Immunotherapy for treating metastatic colorectal cancer.

S Boghossian, S Robinson, A Von Delwig, D Manas, Scott White

Research output: Contribution to journalArticle

8 Citations (Scopus)


BACKGROUND: Colorectal cancer remains one of the leading causes of death in the world. Surgery still remains the mainstay of treatment for primary and metastatic colorectal cancer. Immunotherapy used as an adjunct to surgery can play an important role in controlling the spread of tumour. METHODS: The online databases PubMed, Medline, Scirus and Medscape Oncology were used to identify articles of relevance. Keywords included; "Immunotherapy", "Cellular Immunotherapy", "Metastatic Colorectal Cancer", "Monoclonal Antibody" "Tumour Vaccines" and "Adoptive Cell Therapy". The databases search was from the period of June 1995 until May 2010 inclusive. RESULTS: Our understanding of tumour immunology has allowed the development of some successful therapies. Immunotherapy through the use of monoclonal antibodies is an effective adjunct to chemotherapy for metastatic colorectal cancer. Other modalities that are in the stages of development are cellular and conjugated vaccines. However, these vaccines are being experimented in advanced stages of colorectal tumours. CONCLUSION: Colorectal cancer vaccines are being developed for advanced stages of colorectal tumour. However, their use as an early adjunct could potentially limit the spread of tumour or even result in cure. Further trials are required to ensure the safety and efficacy of cellular vaccines against colorectal tumours to allow their use on patients early in their disease presentation.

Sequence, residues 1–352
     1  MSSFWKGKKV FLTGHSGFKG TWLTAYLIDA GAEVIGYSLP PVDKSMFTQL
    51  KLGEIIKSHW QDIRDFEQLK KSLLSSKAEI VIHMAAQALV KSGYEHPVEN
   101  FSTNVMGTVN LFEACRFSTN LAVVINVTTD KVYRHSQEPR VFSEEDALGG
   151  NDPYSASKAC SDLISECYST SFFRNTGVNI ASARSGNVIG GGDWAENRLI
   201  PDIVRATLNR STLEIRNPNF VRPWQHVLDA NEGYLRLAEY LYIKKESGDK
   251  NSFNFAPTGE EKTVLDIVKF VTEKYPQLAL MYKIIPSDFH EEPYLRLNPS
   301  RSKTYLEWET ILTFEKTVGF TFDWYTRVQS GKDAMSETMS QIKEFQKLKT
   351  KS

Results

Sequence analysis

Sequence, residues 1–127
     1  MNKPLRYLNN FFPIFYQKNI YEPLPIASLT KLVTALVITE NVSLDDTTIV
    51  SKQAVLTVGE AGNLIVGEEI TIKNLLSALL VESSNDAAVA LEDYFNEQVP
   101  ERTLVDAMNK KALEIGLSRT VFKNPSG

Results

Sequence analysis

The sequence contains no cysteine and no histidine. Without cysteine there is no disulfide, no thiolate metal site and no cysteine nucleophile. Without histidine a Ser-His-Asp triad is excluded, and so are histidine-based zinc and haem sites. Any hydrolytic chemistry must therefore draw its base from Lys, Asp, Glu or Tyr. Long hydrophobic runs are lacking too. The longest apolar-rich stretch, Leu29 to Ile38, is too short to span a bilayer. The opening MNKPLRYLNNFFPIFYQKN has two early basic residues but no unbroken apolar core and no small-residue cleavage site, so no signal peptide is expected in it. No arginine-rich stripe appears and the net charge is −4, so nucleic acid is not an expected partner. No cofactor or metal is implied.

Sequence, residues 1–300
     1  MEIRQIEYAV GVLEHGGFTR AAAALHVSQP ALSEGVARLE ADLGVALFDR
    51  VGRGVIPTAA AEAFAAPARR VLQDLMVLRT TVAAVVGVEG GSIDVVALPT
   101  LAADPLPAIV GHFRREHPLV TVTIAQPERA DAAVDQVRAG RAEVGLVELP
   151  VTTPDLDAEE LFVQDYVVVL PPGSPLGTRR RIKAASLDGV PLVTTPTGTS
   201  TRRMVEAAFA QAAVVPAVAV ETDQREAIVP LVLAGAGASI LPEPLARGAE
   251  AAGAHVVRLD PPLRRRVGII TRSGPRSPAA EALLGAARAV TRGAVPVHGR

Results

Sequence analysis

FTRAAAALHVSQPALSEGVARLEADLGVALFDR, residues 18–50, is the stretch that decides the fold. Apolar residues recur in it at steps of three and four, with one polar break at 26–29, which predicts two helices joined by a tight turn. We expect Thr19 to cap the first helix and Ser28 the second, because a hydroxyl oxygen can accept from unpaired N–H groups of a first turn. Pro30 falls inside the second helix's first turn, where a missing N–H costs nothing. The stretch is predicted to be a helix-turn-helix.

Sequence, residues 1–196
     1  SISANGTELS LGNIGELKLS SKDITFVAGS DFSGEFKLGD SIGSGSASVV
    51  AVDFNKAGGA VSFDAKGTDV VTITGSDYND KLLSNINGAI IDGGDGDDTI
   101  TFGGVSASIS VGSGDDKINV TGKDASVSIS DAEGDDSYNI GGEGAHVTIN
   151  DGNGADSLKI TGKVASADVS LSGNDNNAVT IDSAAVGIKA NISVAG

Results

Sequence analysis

Original languageEnglish
JournalSurgical oncology
Publication statusPublished - 1 Feb 2011


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